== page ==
It's hardly the first time that infrastructure or construction projects have brushed up against the resting places for the dead: They can sometimes be found in car parks of malls, and the careful excavation of mass burial sites has caused delays to rail-line construction in the UK.
A less common spot, however? In the shadows of a stadium belonging to a team that's part of the most profitable, popular sporting league in the United States.
That’s when the idea came to me: open a food cart in downtown Kyoto that sells authentic Mexican food. Why just visit Japan, I figured, when I could live there? It was brash, impractical and never going to happen. But the seed was planted: There was an enormous, untapped economic and cultural opportunity to serve authentic, delicious Mexican food in an enchanting place that had little of it. There were crazier ideas — not that I was pursuing those either, but it felt good knowing I wasn’t the craziest of the crazy. There was some logic to it. In the midst of handmade onigiri vendors, donburi chains, and unagi restaurants, why not sell street tacos? [...] The problem was, I’d never open that restaurant. I couldn’t manage a business, and my life was firmly established in Oregon.
In lieu of a restaurant, I dreamed up something equally impractical: a magazine for Japanese people who dig Mexican food and have limited access to it. Named Taco Wagon after the iconic lonchero lunch truck and Dick Dale’s 1964 instrumental surf song, the magazine would combine elements of a cookbook, guide book, art book, and zine to celebrate food from northern Mexico, southern California and the American Southwest, what people call Sonora- and California-style Mexican food. This I could create from home.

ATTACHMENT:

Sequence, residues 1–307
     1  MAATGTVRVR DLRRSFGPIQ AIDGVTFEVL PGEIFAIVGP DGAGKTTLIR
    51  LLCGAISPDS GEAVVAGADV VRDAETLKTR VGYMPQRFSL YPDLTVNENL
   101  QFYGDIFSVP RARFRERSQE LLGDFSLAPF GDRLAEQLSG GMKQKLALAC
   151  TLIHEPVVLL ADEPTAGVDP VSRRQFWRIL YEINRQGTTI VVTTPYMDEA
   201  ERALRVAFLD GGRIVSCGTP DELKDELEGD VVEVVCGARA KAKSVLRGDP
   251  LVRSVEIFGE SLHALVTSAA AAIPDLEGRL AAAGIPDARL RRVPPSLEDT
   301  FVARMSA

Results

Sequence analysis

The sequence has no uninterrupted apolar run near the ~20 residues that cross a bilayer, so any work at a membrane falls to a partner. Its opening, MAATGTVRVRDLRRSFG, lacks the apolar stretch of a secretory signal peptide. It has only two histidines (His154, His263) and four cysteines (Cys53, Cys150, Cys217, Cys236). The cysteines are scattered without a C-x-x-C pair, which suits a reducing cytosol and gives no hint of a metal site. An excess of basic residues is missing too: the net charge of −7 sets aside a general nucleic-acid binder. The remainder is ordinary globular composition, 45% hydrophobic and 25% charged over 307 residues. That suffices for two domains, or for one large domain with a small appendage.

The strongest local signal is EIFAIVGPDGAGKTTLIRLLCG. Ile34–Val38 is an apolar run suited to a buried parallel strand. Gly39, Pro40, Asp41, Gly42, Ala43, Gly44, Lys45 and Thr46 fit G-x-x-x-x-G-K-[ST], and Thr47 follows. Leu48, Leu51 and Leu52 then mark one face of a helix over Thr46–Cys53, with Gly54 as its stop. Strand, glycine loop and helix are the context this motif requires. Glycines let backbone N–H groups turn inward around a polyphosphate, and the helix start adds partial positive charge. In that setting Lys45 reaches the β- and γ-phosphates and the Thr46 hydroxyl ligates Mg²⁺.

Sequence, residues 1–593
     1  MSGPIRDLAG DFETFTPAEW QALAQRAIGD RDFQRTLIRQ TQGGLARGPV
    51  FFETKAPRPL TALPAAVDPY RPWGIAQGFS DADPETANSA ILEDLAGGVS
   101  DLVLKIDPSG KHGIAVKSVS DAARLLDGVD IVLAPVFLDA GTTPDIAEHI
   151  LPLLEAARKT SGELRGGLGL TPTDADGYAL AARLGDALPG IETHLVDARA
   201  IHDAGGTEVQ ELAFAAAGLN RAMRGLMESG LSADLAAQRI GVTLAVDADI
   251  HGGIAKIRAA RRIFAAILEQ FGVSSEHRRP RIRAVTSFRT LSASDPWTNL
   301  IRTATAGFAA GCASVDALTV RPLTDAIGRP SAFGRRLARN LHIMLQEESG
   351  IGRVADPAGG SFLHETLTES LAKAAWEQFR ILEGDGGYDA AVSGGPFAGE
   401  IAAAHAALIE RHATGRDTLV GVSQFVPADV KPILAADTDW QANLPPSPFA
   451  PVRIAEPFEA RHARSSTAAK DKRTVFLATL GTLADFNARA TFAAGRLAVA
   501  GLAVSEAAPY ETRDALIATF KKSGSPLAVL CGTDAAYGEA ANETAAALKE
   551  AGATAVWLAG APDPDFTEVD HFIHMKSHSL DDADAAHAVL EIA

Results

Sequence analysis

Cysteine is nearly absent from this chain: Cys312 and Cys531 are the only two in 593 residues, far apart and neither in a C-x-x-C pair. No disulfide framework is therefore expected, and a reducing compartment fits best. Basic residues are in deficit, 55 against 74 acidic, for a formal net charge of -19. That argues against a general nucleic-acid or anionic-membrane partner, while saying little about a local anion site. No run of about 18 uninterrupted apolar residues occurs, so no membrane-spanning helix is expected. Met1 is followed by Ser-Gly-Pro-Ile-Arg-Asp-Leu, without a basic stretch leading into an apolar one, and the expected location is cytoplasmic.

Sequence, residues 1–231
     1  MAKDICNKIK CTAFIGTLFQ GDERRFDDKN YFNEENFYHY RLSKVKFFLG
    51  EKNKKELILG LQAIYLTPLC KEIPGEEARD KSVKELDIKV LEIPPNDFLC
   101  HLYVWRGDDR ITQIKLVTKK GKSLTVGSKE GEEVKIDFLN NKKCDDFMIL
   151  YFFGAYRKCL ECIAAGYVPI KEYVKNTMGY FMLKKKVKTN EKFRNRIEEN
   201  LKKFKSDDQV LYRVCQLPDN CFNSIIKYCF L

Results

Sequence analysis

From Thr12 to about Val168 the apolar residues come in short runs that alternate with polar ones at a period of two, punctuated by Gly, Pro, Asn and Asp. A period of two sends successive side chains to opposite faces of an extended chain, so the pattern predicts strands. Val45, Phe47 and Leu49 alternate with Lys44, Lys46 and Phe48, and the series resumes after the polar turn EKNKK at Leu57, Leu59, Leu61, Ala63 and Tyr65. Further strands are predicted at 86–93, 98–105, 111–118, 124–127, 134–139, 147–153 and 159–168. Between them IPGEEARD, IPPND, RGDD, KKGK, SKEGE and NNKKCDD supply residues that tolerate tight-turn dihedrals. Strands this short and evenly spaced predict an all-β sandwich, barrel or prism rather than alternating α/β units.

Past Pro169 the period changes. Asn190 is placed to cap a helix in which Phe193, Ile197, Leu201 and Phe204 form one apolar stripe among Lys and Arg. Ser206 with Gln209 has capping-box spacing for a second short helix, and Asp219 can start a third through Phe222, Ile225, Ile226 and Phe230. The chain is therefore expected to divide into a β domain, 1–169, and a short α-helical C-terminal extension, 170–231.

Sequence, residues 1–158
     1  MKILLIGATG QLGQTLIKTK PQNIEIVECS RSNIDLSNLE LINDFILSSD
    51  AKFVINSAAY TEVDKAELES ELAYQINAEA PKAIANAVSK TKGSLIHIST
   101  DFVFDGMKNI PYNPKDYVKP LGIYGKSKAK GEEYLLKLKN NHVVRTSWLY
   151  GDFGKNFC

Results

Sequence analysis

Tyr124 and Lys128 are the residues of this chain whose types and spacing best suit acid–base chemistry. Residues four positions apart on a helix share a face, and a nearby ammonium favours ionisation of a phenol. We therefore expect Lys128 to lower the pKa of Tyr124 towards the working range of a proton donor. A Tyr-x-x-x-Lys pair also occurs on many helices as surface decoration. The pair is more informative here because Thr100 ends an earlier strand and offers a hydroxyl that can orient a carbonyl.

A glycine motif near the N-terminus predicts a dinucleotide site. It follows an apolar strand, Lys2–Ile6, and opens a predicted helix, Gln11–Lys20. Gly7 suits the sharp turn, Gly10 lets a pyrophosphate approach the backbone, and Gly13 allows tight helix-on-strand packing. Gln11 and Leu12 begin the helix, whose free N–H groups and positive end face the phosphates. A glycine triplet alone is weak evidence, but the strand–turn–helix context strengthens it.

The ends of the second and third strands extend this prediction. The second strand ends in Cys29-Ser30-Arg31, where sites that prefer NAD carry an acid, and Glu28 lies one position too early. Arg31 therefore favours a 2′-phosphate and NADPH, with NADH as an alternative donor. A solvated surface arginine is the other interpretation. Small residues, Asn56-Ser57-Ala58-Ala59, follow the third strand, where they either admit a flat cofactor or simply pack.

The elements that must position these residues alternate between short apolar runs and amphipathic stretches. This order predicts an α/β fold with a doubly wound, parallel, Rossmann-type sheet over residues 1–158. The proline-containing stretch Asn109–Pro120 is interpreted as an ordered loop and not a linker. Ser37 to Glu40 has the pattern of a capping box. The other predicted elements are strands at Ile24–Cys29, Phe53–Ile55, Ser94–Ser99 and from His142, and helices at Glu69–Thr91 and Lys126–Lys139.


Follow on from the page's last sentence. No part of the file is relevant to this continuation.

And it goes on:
But Dickinson’s genius always kept a fixed address. She was a scholar of passing time, and the big house on Main Street was the best place to study it. Because her subject was longitudinal change across the span of hours, days, and years, she needed to set her spatial position in order to see time move across the proscenium of her subjective imagination. In the 1850 national census, Dickinson listed her occupation as “keeping house”; the scraps might have kept her as she did so. Her own transformative power, often frightful even for her to contemplate, is their presiding subject: the “still—Volcano—Life” she describes as ever churning under her daily rounds.
But is that really so bad? Writing is hard, and a whirl of positivity can be the updraft an aspiring fiction writer needs to reach new heights. A good-but-not-groundbreaking craft book is a cheerleader, an encouraging letter from a friend. It doesn’t have to flip your understanding of writing on its head in order for it be successful; it just has to reassure you that you’re not the first person to face these particular problems. If it’s not new—well, few craft questions in prose-writing are.